Unsupported browser

For a better experience please update your browser to its latest version.

Your browser appears to have cookies disabled. For the best experience of this website, please enable cookies in your browser

We'll assume we have your consent to use cookies, for example so you won't need to log in each time you visit our site.
Learn more

We deserve credit for elegant 'yrm' project

  • Comment
Letters

We wish yrm luck with its relaunch, but think it is a shame that it chose to do it with a project that is only partially its own work: Whitefield School (aj 22.7.99) is, in fact, essentially van Heyningen and Hawards's design. yrm inherited it and executed it, with some changes.

The article credits us with having done a 'study' of the school site: this is an understatement. With the help of planning consultants we got permission for the redevelopment of the whole site and detailed planning permission for the building you illustrate.

We then developed the project with Max Fordham and Partners; Price and Myers; Arup Acoustics; and Rider Hunt, through to the end of detail design (stage E): the concept (vent towers, light wells, roof playground, the lot!) is all there in the plan and section.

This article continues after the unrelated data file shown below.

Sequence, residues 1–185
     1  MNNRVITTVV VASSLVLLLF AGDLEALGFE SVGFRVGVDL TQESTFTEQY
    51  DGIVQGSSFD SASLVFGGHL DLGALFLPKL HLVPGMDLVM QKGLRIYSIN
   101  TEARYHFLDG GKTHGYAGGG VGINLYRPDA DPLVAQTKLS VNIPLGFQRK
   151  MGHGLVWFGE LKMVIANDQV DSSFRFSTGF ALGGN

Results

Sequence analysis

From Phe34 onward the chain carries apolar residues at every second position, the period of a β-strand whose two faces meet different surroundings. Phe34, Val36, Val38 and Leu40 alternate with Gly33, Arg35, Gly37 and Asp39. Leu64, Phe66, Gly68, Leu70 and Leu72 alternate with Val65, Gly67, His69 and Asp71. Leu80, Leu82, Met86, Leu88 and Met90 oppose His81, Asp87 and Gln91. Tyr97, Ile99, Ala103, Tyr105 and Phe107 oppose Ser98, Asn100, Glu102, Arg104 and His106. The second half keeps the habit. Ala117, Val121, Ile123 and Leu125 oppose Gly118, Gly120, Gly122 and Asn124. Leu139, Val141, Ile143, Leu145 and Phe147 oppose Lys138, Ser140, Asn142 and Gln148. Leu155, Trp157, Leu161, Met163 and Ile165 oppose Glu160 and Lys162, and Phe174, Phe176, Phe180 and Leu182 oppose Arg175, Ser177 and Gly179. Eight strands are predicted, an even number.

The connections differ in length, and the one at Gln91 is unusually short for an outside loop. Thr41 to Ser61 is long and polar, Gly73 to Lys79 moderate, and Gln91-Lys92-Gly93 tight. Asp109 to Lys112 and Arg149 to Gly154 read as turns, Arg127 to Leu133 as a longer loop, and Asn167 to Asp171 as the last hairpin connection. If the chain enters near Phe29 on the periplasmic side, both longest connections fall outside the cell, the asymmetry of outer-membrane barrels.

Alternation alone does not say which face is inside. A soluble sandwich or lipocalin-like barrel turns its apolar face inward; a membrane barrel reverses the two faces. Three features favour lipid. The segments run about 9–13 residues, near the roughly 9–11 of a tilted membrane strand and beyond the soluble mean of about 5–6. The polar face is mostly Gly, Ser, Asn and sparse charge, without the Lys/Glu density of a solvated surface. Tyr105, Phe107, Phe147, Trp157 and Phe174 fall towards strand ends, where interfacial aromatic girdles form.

However, we thank yrm for being so faithful to our design and congratulate it on the elegant execution of a very worthwhile project.

Joanna van Heyningen, van Heyningen and Haward Architects, London NW5

It takes two to tangle in payment problems

I am pleased for Stephen Yakeley (AJ 22.7.99, Letters) that his clients are prepared to sign up to the sfa/99 provisions unamended. My concerns are for architects whose clients refuse.

Competing sides, whether 'bad payers' or 'responsible clients', consider the slope of the playing field before they start the game. If it is too steep, the disadvantaged side will simply want to play elsewhere. Payment and other provisions can only bite if the other side agrees to them.

I fully appreciate that the profession is concerned about fee recovery. But does trying to impose ever more disadvantageous terms on clients to address 'regrettably changing attitude towards payment' work?

The rapid succession of riba terms over recent years suggests it might not.

The profession needs a standard form, sufficiently balanced to be widely acceptable to all types of client. Potential benefits are savings on one- off drafting costs and continuity for architects from contract to contract. Whether sfa/99 achieves this remains to be seen.

Sue Lindsey, London EC2

  • Comment

Have your say

You must sign in to make a comment

Please remember that the submission of any material is governed by our Terms and Conditions and by submitting material you confirm your agreement to these Terms and Conditions.

Links may be included in your comments but HTML is not permitted.